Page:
According to the Centers for Disease Control and Prevention (CDC) the Ebola virus is most prevalent after the death of its victim. Under the guidelines established by the CDC, after an Ebola victim dies their body should be quickly wrapped in a plastic shroud, after which it must be sealed in two leak-proof disinfected bags. Workers must remain cautious during this process by wearing protective clothing, goggles and gloves.
Ebola lives on in the remains of its deceased victim. Lethal viral loads flood saliva, blood, tears and urine and will quickly affect any life it comes in contact with. According to the World Health Organization (WHO), fluids outside the body and in death are highly contagious for at least three days after the victim takes their last breath.
Thomas Eric Duncan succumbed to the Ebola virus on Wednesday morning not long after he brought the virus across the American borders. The 42-year-old Liberian man died at Texas Health Presbyterian Hospital after hospital staff worked hard to save him. In keeping with CDC’s standards Duncan’s remains have already been transported for cremation.
The family of the victim was denied any physical contact with Duncan’s remains but were allowed to view his body. Reportedly, the family agreed with the recommendation of health officials to have the body cremated. After cremation the ashes of Duncan will be returned to the family and there will no longer be a need for them to wear any protection. Tom Frieden, CDC Director, said:
When someone dies, there are large quantities of the virus. Cremation kills the virus.
Due to the nature of Duncan’s death his family was not privy to the tradition funeral ritual West Africans are accustomed to. Typically after a death in Liberia there is excessive handling of the deceased by the family and other loved ones. The funeral generally involves a night-long viewing of the remains which is followed by funeral services and burial. A big party is held afterwards to console the bereaved and honor the dead with singing and African dishes.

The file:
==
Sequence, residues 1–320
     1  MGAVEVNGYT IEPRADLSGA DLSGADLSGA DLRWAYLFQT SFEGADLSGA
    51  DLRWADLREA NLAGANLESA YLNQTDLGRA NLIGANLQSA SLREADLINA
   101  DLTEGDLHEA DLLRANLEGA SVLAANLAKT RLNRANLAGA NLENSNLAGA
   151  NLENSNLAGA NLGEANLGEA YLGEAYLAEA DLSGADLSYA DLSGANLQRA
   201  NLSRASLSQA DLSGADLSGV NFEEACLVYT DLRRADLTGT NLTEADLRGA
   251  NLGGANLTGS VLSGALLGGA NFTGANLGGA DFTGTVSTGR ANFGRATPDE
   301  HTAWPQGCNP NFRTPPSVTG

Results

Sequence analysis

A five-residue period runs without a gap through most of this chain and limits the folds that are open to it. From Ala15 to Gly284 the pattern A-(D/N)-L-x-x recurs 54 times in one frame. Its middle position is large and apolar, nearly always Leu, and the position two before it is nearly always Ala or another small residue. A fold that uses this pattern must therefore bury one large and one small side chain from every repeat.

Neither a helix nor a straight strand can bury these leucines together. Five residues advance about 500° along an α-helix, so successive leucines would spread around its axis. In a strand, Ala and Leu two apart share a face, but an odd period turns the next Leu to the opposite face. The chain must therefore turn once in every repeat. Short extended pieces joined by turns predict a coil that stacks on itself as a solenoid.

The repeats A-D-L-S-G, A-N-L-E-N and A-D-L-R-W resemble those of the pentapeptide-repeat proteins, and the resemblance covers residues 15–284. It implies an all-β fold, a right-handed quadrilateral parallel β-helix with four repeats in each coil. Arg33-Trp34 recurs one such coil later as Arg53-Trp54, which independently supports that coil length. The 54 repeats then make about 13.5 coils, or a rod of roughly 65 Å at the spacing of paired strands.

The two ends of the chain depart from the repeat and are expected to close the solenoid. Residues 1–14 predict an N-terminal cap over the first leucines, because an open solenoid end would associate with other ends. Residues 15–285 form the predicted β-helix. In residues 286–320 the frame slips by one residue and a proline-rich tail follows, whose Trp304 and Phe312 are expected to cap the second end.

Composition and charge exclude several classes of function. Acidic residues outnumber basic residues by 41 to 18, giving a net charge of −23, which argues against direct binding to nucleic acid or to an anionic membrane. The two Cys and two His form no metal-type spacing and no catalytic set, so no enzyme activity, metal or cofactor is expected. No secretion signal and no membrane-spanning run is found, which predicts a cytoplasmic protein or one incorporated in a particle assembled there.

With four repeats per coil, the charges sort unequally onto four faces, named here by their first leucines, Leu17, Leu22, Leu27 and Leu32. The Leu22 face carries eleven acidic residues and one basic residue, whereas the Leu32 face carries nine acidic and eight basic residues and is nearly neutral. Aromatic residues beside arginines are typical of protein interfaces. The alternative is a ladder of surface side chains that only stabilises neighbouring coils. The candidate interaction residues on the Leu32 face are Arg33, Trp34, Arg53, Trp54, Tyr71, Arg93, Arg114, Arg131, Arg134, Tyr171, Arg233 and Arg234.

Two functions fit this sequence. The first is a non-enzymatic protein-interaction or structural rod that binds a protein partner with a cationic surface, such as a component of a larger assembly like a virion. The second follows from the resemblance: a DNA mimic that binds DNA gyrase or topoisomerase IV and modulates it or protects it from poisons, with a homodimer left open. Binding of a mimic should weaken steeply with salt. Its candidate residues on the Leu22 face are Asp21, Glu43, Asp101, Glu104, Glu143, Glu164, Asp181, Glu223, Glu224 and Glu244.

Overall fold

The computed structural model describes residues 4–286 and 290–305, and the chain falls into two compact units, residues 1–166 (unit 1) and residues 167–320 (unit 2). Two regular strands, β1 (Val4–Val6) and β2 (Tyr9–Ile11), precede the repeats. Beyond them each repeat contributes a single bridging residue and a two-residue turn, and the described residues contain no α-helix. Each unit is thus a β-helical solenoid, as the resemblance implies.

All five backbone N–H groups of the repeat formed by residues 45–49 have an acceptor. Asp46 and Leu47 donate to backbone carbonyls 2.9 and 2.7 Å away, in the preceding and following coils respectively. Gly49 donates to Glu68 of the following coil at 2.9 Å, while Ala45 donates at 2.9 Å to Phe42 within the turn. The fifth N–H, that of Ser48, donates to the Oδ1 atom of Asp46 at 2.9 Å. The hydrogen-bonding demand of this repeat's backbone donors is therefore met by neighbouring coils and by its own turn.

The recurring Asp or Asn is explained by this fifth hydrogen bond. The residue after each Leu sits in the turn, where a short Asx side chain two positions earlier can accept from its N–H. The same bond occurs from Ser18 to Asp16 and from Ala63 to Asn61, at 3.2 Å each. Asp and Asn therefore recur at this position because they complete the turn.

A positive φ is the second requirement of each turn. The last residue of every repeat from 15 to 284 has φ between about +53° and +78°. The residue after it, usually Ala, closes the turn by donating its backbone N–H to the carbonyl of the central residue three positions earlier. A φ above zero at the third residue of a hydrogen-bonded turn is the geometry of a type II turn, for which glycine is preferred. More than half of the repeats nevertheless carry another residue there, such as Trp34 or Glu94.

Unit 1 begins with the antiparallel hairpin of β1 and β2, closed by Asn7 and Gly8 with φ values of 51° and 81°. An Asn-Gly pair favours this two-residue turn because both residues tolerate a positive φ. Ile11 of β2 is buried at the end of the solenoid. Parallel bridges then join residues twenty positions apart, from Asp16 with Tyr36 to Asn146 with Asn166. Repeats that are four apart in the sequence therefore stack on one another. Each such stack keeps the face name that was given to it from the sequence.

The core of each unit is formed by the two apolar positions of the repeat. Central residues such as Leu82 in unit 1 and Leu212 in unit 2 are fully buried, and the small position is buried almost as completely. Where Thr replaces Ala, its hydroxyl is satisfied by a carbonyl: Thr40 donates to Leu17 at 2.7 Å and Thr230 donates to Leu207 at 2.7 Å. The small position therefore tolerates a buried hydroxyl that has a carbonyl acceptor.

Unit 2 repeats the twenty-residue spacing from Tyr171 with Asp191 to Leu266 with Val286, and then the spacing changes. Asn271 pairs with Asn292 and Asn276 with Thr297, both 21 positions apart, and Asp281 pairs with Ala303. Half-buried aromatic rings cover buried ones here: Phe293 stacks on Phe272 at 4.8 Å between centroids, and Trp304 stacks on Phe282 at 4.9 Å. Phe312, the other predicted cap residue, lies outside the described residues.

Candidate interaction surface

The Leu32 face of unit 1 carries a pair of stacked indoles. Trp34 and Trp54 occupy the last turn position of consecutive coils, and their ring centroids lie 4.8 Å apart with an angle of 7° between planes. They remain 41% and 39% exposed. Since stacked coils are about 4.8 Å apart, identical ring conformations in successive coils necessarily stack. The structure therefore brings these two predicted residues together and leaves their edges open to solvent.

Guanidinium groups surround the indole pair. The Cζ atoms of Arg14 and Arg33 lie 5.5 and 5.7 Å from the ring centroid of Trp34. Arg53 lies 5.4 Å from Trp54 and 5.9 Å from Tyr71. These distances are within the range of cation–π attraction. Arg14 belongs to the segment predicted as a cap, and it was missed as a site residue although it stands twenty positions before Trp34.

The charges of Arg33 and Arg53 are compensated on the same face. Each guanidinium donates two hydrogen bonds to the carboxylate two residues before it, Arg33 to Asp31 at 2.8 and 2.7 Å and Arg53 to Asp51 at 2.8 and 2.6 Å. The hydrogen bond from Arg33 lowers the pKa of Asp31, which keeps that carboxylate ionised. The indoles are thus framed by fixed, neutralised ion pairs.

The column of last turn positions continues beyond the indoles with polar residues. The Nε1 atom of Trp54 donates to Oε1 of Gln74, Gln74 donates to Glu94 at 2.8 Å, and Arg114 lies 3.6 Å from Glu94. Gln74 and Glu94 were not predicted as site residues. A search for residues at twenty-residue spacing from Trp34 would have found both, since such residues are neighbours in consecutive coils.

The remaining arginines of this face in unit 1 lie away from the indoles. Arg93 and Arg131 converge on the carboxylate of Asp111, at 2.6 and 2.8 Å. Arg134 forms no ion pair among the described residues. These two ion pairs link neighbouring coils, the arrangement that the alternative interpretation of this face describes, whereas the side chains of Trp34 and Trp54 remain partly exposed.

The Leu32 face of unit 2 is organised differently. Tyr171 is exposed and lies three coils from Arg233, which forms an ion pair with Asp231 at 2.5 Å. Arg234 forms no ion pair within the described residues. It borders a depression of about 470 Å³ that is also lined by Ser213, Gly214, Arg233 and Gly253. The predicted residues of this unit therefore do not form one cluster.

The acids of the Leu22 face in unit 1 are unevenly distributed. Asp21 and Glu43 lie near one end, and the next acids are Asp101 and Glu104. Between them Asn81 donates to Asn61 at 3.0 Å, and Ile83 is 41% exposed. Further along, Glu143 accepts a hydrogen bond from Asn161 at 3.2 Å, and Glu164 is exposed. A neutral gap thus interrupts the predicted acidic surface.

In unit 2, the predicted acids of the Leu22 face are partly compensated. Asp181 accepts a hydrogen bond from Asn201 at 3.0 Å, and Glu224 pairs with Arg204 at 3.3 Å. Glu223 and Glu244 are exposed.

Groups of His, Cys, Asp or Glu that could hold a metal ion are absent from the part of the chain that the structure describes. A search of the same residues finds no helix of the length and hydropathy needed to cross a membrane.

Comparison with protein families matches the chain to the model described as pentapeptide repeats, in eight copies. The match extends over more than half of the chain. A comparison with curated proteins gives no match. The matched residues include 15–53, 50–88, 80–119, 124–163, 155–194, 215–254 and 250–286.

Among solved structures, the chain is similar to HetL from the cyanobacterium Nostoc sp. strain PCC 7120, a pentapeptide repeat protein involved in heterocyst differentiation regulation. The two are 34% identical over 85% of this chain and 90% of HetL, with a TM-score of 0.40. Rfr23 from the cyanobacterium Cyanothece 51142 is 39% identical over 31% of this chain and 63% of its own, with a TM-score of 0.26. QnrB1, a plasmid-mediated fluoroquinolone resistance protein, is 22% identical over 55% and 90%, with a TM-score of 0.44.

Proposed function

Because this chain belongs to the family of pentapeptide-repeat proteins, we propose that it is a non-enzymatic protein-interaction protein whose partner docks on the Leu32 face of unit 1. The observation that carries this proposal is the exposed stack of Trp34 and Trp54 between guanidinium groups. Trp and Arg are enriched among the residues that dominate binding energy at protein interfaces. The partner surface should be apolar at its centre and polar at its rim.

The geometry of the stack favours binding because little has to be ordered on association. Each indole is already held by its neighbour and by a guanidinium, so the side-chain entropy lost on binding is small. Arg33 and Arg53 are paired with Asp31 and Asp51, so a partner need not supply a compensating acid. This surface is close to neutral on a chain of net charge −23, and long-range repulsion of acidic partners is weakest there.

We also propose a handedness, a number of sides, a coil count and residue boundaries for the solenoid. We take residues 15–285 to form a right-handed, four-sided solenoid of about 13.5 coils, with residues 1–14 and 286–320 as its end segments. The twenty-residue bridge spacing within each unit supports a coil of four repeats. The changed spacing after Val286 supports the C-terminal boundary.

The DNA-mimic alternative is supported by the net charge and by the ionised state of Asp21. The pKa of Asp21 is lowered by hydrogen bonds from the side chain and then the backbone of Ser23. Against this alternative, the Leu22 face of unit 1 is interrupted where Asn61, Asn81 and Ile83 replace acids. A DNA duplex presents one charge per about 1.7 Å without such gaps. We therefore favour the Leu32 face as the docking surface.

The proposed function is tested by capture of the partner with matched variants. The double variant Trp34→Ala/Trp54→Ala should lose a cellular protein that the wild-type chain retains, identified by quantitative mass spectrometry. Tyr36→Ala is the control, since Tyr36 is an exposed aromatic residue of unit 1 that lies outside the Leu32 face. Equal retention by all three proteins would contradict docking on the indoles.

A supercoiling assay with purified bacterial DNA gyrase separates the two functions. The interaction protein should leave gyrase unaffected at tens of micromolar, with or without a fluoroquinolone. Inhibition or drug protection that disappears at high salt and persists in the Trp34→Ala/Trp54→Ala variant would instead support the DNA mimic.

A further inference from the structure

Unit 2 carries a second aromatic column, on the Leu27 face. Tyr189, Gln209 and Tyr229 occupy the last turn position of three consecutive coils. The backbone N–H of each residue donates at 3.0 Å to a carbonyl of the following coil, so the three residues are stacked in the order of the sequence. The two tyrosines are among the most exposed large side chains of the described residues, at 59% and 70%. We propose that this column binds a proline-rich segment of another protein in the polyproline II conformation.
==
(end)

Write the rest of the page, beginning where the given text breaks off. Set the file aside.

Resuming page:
Director of the Center for Emergency Management and Homeland Security Police Research, Dr. Terry O’Sullivan, said “With fluids emanating from every opening in the body, and potentially every pore, it comes as no surprise that West African burial rituals pose such danger.” He added:
They are extremely dangerous. Those that have just died are loaded with virus, in all their fluids. That is in fact the worst point because their immune systems are failed and they are leaking out of every orifice and a high concentration of the virus is secreted on the skin of the dead.
Duncan arrived in Dallas on Sept. 20 after flying in from Liberia. He went to Texas Health Presbyterian Hospital after feeling ill six days later. At that time he was sent home with antibiotics to recover. He returned to the hospital on Sept. 28 and was admitted, isolated and confirmed contaminated with the Ebola virus.
Thomas Eric Duncan spent his last few days on a ventilator and was receiving kidney dialysis. He died four days after his condition had been downgraded from serious to critical. The Texas Department of State Health Services confirmed within hours of his death his body would be cremated according to protocol given by the federal government to prevent the Ebola virus from spreading and acquiring new victims.
By: Cherese Jackson (Virginia)